In 2010 ASIC, our Government financial regulator released a calculator to help us. It’s no longer available online. It assumes, there will be an inflation rate of 2.5% So everything will get 2.5% more costly each year. That doesn’t seem much but when you think about it, over 20 years it amounts to 50% So you realise it’s worth considering. Then to keep up with the Jones’s means you’ll spend around 1% more each year. So this calculator takes all that into considerations and It also take into account the fees for managing your investments.
It can allow for different returns on your investments, so I’ve set it up for 5.5% return. Of course, in 2022 you won’t get that return from the bank so this means investing some of your superannuation in shares or property. Unless you have set your superannuation to conservative investments, things like a balanced investment or growth setting should easily return this amount but they are bit more risky.
Now because the calculator was released in 2010 it had to be updated the later figures for the pension and assets test.
So the results of a starting balance of $100,000 and using it up at the rate of $5000 per year, means with the pension you have $40,000 per year to live on. The majority of that comes from the age pension. But your investment is still providing $5000 per year when you are 90 years of age. According to this calculator at 80 years of age you will have $47000 left.
So if we increase the amount we draw out of our investments to $7,500 per year our money will run out when we’re about 80. In the meantime you will have $42,500 per year to live on. After that you will have only the pension to live on. The Canstar website points out, your expenses after 80 years of age are likely to be lower than when you have just retired anyway.
Now if you are an average man the association of super funds says you will have $270,000 in your superannuation account when you retire and women have $157,000. So your combines superannuation is $427,000. So you can draw down an even larger amount each year.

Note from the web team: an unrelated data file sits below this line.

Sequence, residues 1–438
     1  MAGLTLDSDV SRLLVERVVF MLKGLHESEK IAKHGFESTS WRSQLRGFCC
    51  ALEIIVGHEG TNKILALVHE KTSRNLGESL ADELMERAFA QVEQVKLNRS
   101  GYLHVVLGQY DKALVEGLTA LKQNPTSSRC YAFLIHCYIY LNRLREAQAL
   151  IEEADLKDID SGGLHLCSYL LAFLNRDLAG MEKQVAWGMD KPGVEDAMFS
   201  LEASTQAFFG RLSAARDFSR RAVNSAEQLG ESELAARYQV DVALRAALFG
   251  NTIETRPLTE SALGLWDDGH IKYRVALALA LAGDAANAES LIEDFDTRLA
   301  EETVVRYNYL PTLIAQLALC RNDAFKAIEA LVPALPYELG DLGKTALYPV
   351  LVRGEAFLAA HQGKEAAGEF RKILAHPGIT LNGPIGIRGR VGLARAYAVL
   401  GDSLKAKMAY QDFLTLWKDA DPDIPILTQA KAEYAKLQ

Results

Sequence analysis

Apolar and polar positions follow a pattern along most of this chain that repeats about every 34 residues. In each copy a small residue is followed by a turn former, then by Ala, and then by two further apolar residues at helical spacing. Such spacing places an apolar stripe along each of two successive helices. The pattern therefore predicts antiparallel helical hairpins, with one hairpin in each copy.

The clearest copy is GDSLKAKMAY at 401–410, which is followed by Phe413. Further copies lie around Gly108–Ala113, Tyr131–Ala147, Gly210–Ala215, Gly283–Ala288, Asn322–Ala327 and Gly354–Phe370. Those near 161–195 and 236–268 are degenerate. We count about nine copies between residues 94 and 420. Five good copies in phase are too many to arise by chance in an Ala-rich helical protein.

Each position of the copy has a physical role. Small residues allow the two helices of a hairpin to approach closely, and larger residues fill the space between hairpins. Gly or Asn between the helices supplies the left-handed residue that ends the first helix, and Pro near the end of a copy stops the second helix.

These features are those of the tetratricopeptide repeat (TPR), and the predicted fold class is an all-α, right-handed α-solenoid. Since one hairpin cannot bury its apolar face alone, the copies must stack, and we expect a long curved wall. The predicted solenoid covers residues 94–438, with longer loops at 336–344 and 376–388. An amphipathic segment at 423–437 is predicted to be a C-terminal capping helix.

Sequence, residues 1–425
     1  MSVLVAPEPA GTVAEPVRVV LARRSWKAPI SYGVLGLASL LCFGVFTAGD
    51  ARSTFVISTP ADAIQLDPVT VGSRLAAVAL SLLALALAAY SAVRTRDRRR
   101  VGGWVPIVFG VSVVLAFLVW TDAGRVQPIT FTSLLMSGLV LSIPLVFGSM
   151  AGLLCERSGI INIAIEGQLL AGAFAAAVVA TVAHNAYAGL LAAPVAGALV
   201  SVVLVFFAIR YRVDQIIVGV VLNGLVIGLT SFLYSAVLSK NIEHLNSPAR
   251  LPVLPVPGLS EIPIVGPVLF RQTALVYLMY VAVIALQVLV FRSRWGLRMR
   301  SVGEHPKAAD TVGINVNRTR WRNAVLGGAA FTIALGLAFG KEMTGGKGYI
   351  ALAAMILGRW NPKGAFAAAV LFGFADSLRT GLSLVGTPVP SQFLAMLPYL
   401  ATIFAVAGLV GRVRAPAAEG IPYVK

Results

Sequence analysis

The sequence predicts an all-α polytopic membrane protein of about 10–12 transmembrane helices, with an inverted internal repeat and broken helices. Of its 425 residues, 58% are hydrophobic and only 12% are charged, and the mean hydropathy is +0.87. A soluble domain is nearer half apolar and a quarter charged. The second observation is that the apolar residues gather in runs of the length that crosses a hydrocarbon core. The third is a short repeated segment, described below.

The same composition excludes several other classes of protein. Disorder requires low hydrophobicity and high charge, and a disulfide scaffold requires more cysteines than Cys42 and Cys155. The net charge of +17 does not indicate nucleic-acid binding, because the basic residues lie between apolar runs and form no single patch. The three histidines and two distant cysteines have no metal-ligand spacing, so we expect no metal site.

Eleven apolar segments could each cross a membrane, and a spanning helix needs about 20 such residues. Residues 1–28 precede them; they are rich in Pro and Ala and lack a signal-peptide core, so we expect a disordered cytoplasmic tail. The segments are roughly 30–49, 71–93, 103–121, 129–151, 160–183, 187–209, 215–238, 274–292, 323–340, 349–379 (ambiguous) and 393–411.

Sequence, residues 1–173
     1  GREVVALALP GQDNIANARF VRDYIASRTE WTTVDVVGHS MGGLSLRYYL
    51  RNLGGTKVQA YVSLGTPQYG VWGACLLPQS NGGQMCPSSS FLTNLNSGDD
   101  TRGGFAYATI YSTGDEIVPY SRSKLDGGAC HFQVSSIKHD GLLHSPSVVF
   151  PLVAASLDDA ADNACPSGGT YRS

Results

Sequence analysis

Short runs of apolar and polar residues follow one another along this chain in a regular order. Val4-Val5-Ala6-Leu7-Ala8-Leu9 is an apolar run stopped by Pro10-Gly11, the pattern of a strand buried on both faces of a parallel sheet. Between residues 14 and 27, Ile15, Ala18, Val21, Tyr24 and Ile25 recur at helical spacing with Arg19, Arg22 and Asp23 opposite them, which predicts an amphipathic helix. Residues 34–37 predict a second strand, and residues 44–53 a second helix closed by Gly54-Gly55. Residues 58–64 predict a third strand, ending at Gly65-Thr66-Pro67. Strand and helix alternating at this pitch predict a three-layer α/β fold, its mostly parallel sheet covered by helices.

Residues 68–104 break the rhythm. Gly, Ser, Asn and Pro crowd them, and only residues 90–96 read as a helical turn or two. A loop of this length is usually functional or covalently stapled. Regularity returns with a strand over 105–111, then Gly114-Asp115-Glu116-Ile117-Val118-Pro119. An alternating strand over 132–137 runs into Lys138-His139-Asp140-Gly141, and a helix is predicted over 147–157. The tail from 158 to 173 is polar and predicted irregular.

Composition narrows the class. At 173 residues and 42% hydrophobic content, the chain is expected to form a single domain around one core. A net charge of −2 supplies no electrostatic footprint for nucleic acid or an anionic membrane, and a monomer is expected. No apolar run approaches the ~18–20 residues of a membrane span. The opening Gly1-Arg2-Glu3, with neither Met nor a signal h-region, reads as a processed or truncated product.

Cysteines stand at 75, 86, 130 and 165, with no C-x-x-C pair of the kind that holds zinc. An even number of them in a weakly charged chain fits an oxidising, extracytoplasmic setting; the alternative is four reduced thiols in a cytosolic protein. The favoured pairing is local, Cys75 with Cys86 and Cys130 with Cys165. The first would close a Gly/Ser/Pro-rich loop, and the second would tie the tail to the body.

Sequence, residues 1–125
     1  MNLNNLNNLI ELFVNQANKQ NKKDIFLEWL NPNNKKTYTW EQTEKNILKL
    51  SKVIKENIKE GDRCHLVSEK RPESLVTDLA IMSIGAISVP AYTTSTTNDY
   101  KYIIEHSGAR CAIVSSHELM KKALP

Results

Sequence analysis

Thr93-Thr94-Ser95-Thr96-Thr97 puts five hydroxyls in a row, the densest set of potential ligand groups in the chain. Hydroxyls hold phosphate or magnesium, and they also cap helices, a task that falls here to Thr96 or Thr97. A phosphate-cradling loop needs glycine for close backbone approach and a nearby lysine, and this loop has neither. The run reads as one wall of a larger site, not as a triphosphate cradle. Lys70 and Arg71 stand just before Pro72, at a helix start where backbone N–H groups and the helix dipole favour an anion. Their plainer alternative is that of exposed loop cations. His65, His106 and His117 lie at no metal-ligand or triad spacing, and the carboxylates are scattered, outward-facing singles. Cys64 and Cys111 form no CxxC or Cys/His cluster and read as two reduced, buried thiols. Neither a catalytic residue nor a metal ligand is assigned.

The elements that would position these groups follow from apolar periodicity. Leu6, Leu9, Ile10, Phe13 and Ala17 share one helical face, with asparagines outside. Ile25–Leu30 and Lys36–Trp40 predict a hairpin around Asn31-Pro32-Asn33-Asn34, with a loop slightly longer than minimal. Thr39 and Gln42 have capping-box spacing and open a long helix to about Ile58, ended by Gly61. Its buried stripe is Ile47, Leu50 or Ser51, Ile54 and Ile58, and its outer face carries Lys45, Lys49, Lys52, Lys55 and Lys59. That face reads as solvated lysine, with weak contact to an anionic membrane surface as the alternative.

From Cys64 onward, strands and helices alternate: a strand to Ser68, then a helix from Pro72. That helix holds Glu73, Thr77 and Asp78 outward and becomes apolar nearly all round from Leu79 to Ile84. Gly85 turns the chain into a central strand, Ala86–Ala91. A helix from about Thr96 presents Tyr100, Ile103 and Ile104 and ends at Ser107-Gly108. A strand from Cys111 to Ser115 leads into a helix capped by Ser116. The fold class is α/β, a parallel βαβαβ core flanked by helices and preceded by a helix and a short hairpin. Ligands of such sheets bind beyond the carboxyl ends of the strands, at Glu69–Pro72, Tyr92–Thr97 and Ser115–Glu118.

Now this is a bit more complicated because at $427,000 you’ll be above the bottom limit for the assets test. So for first few years, your government pension will be reduced by $78 per year for every $1000 you have above $405,000. So in the first year your pension will only be around $33,000 and the rest of the money needs to comes directly from your investments. So you are withdrawing more than the interest will put back in for the first few years. An average couple therefore can draw around $25,000 each year. (that’s still about 5%) and that will give you $60,000 a year to live on.
Canstar calls that a “comfortable income”. Under this scenario your money will run out according to the ASIC calculator at 85 years of age.
I hope these numbers haven’t confused you. I know it’s complicated but as a rule of thumb start with the simple model. Take what you have in super when you retire then divide it by 20. That will give you the amount you can take out each year. And if you invest that in something that pays around 5% per year you will still maintain a good balance in your account for the rest of your life and if your money runs out it will be about the same time as you run out of heart beats!
Have fun. See you next time.